When you get your tomato seedling to your garden, it’s essential to find the right spot for it. Tomatoes thrive in full sun and they’re prone to diseases that occur in damp conditions, so good drainage and air flow are a must. Caging, staking, or tying up your tomato will help increase air flow around the plant and will expose fruits for easy harvest.

Tomatoes are one of the only crops that should be planted deep. Snapping off any leaves that might get buried, plant up to ⅓ of the tomato stem. New roots will grow along the buried stem and will provide a more robust root system for feeding and support.

Because tomatoes are so sensitive to damp conditions, observing proper watering technique is especially important. Avoid overhead watering by watering the base of the plant rather than the leaves. It’s best to water in the morning so that any excess moisture can evaporate during the day rather than sitting on the plant overnight.

Once your tomato is established, it will start to grow fast. Pruning will keep growth in check, encourage airflow, and produce a more flavorful crop. When pruning tomatoes, look in the joints of the main stem and primary branches for side growth. These branches are called “suckers” and can be removed with pruners or shears.

Harvest tomatoes when they are plump but have some give and when their color has fully changed. They should come off of the vine easily with a twist. Store deep ridged heirloom varieties upside down to discourage pooling moisture and rot.

Chickweed Pesto


Last month, our team celebrated the Spring season by getting out of the garden and learning about edible wild plants! Our operations manager, Brody, invited us to visit his property and learn about the abundance of food growing there (both cultivated and wild). Among the “weeds”, we found chickweed, nettles, watercress, garlic-mustard, and violets - all of which are edible and have unique, delicious flavors. We enjoyed the medley of greens sautéed with some of Brody’s home grown Shiitakes and he graciously supplemented the bounty we collected with some chickweed pesto that he had made a few days earlier.

We loved the pesto so much that we thought we’d share it here - so go grab a few handfuls of chickweed from the backyard (or woods, or farmers market) and let’s get cooking!


  • 1/2 cup walnuts, cashews, or pine nuts

  • 2-3 cloves garlic minced

  • 3 cups chickweed loosely packed

  • 1 Tbsp lemon juice

  • 1/2 cup extra virgin olive oil

  • 1/2 tsp salt

  • 1/4 tsp freshly ground black pepper

  • 1/4 cup freshly grated Parmesan cheese


  1. Place all ingredients into a food processor and process until smooth. (A blender can be used instead, but the chickweed should be finely chopped first)

  2. If it's too thick, slowly drizzle in a bit more olive oil.

  3. Keep refrigerated. Eat or freeze within 3-4 days.

This recipe is courtesy of


Fish Emulsion

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The sense of accomplishment after getting all of the Spring plants in the ground is hard to beat. It’s a beautiful sight: the vibrant greens and purples of the lettuce leaves, the tiny curly-qs of the pea shoots, the bright pink stems of the radishes about to bulb up. But after a few weeks, those colors might have faded and your plants might not looks so fresh. What’s a gardener to do?

To keep our plants healthy and growing with vigor all season long, we use a product called fish emulsion. Fish emulsion is made of ground and fermented by-products from the seafood industry. Much like the rice hulls we wrote about last month, fish emulsion is made of materials that would otherwise go to waste.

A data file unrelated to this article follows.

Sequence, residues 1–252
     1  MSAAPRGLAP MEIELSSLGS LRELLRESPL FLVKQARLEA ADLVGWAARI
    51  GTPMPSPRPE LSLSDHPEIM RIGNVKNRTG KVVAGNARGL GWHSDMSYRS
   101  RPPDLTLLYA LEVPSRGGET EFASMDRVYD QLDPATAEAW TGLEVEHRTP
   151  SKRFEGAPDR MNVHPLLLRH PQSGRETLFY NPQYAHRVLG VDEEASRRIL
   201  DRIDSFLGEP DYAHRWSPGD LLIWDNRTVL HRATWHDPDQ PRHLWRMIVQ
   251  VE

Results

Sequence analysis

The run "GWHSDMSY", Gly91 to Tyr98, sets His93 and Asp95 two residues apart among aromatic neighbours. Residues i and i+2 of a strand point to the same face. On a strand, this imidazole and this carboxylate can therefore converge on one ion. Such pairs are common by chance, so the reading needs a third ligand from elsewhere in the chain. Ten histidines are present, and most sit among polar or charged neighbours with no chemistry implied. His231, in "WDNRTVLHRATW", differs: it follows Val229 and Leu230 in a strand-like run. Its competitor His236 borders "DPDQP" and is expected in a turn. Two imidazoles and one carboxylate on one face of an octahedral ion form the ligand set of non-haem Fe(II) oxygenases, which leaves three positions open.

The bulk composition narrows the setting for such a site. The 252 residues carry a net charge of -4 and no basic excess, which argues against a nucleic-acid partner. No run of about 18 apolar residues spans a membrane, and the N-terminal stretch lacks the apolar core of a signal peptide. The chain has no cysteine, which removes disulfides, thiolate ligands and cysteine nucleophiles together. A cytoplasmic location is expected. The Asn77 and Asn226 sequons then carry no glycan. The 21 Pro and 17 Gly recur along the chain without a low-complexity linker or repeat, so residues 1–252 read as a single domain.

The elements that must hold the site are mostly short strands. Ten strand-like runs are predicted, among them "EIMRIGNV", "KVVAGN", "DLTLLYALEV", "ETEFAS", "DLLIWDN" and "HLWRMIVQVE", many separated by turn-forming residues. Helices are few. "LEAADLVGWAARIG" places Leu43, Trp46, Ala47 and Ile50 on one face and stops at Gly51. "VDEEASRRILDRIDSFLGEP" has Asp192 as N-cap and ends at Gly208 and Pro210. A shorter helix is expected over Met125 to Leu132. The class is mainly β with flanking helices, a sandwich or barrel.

High in ready to use nitrogen and other nutrients, this organic fertilizer gives our seedlings an extra boost. You can read the general nutrient break-down of fish emulsion and other fertilizers by the N-P-K number. The N-P-K number provides the percentage by weight of nitrogen to phosphorus to potassium, the three major nutrients required for plant growth.

We apply this fast acting, liquid fertilizer to all of our transplants to help them acclimate to their new homes and help them grow quickly early in the season. We may apply a second helping a few weeks later to plants that look a little droopy due to insufficient watering or nutrients. We also focus particularly on plants in the Brassica family, such as kale, cabbage, and broccoli,  which can be heavy feeders.

So how can you use fish emulsion at home? Most garden centers will carry a few brands of fish emulsion or fish fertilizer; these will be heavily concentrated and will need to be diluted. In a sprayer or watering can, add two to three tablespoons of fertilizer for each gallon of water (double check the instructions on the label as it will vary depending on brand, nutrients, and concentration). The resulting mixture should look a little murky but should not be thick. You can apply fish emulsion by watering the plants with the mixture as you would normally, or by spraying it over the leaves as you would with a foliar fertilizer. Applying fish emulsion can be a bit smelly, but there are products that have been “deodorized” with wintergreen or lavender. We recommend trying these out if you want to apply fish emulsion on your houseplants indoors!

Ramping up for Spring

Ramps, or Wild Leeks, are wild edible plants in the allium family. Growing natively in the Appalachian mountains from Canada to North Carolina, ramps only appear for a few weeks before going to seed and disappearing for the Summer. As the first green to appear in early Spring, ramps have historically been celebrated as a sign of Spring and a tonic to the traditional Appalachian meat-heavy Winter diet.